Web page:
Sunset is far away for an industry that deserves and earns the government support it gets, writes John Allen.

It is 6am, damp and foggy. I'm standing at a racetrack in Matamata while 400 horses are put through their paces. They started at 4am. Just 40km away, a further 500 are undertaking track work in Cambridge.

By the end of the week, local growers and food producers will be installed at Te Rapa Racecourse for the Waikato farmers' market. Further south at Riccarton, the racecourse trustees have reached a deal with Ngai Tahu and the Government to free up land for desperately needed new housing.

Last night, Forbury Park in Dunedin hosted a World War I commemorative meeting.

Far from the starting gates, the race carnivals and fashion parades, this is the modern reality of an industry contributing $1.6 billion in GDP and almost 17,000 full-time jobs to New Zealand.

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I have been told by some that racing is a sunset industry. I have heard others say its best days and greatest successes have long passed. But that is not the reality.

Racing is something New Zealanders excel at. We produce some of the world's most skilled and committed jockeys, trainers, drivers, stable hands and strappers.

James McDonald, a 22-year-old jockey who has already won more than $41 million in prize money, has claimed his first Sydney jockeys' premiership. Less than two months ago, Adore Me set a new Australasian record for the fastest pacer over a mile. Dexter Dunn, who is just 25, has become the first Kiwi driver to win the World Championship in 12 years.

Talent of this calibre is not a symptom of failure. It is a sign of success and growth.

It is true that racing is facing challenges. Many are difficult and require tough decisions. But it is equally true that at its core, racing still attracts talented and passionate people and is a significant contributor to the New Zealand economy. With thoroughbred breeding exports alone worth $130 million, there are opportunities overseas. This is an industry that can and will flourish.

The Herald recently dismissed racing as an industry showered in "largesse" and seeking "unfair advantages".

It is correct the Government has offered support in the past. But that is no different from any industry that is pulling its weight in delivering returns to New Zealand. Over a number of generations this industry has delivered on past investments. It is worthy of continuing government investment and attention.

One of the reasons the TAB has a monopoly is to ensure all profits flow back to racing and sports communities. Over the past year, the New Zealand Racing Board has invested $137.4 million back into the local industry and a further $5 million in commission payments to national sporting organisations.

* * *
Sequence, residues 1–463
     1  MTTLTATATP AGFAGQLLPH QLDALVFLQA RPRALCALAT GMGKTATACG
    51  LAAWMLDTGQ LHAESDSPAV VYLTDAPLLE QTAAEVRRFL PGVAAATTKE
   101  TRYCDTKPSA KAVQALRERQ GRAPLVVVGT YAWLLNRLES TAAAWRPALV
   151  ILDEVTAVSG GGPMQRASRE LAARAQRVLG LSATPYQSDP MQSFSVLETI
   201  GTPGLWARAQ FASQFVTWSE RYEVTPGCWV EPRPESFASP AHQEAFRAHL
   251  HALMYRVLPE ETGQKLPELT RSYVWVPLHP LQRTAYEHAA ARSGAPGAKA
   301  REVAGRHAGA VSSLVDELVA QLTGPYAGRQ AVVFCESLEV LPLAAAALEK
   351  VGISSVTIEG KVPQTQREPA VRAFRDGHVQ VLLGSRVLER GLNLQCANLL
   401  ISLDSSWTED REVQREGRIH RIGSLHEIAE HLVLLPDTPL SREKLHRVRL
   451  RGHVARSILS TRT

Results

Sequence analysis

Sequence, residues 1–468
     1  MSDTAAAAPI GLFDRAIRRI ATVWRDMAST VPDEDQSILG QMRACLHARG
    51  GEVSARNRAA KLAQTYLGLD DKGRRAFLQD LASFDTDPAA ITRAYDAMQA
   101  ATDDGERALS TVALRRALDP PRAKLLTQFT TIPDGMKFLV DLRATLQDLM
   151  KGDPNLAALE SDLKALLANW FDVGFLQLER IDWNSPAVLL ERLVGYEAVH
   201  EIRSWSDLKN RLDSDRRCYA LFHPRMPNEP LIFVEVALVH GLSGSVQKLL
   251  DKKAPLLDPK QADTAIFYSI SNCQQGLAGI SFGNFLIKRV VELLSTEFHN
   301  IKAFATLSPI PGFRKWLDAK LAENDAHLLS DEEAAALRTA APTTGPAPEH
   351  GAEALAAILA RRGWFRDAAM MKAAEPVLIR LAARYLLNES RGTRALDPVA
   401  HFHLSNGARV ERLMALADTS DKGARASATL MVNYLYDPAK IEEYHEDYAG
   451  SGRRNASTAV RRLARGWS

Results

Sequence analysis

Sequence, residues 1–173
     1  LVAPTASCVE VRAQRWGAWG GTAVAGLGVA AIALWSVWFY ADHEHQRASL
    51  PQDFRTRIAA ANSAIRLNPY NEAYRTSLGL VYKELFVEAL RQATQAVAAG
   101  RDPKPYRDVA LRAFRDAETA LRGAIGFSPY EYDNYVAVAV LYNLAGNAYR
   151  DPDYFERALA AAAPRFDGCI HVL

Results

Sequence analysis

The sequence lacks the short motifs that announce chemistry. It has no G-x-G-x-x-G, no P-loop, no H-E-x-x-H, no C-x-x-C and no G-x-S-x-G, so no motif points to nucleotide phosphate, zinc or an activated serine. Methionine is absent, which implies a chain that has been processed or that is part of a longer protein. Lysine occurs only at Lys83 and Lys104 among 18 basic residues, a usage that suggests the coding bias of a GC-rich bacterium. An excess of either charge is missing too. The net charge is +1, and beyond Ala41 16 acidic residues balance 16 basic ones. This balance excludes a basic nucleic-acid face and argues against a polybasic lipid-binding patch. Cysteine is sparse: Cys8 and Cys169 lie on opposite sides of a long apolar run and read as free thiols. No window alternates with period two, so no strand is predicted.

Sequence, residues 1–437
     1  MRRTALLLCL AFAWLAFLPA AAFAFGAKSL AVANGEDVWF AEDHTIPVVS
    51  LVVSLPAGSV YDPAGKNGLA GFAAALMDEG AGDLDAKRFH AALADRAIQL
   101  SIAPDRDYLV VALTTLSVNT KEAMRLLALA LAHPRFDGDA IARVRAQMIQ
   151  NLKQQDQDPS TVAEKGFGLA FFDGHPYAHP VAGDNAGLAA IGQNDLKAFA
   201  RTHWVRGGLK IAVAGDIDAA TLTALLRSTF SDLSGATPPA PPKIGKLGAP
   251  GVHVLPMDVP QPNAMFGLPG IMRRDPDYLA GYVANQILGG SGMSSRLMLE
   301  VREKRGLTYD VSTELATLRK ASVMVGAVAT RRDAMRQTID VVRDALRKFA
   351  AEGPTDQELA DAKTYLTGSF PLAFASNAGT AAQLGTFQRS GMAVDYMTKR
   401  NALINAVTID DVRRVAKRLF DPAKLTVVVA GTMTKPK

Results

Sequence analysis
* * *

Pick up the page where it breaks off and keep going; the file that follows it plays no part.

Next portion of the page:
Last year, the New Zealand Racing Board contributed $47.5 million in duties, tax and levies to the Government. For every $100 bet, approximately $2.66 goes to the Government. In Australia, the Victorian government will take less than half of that, and the Queensland government about a third.

The New Zealand Racing Board wants to continue investing in racing and sport. But we need to be more competitive to do that. Our customers are moving online and expect more. We are responding.

Recently we released a mobile app, have changed our IT infrastructure to allow us to be more flexible, and identified the areas of priority investment.

Our job is also to make sure the industry gets a fair return on its investment. That is why it is critical that overseas bookies do not freeload on quality New Zealand sport and racing products. We cannot do that without government assistance.

International corporate bookmakers are increasingly taking bets on New Zealand racing and sport without any benefit flowing back into New Zealand. They contribute nothing back to our domestic racing industry. They give nothing back to our local communities. They pay nothing to the New Zealand Government.

All of this affects the odds they can offer, making it harder for us to compete. It is not a level playing field, and it erodes the investment back into the sport of racing.

That is why I am looking forward to engaging with the other members of the working group to develop recommendations for the Government to consider. This is a great opportunity to ensure that New Zealand continues to benefit from a high-value industry.

John Allen is the chief executive officer of the New Zealand Racing Board.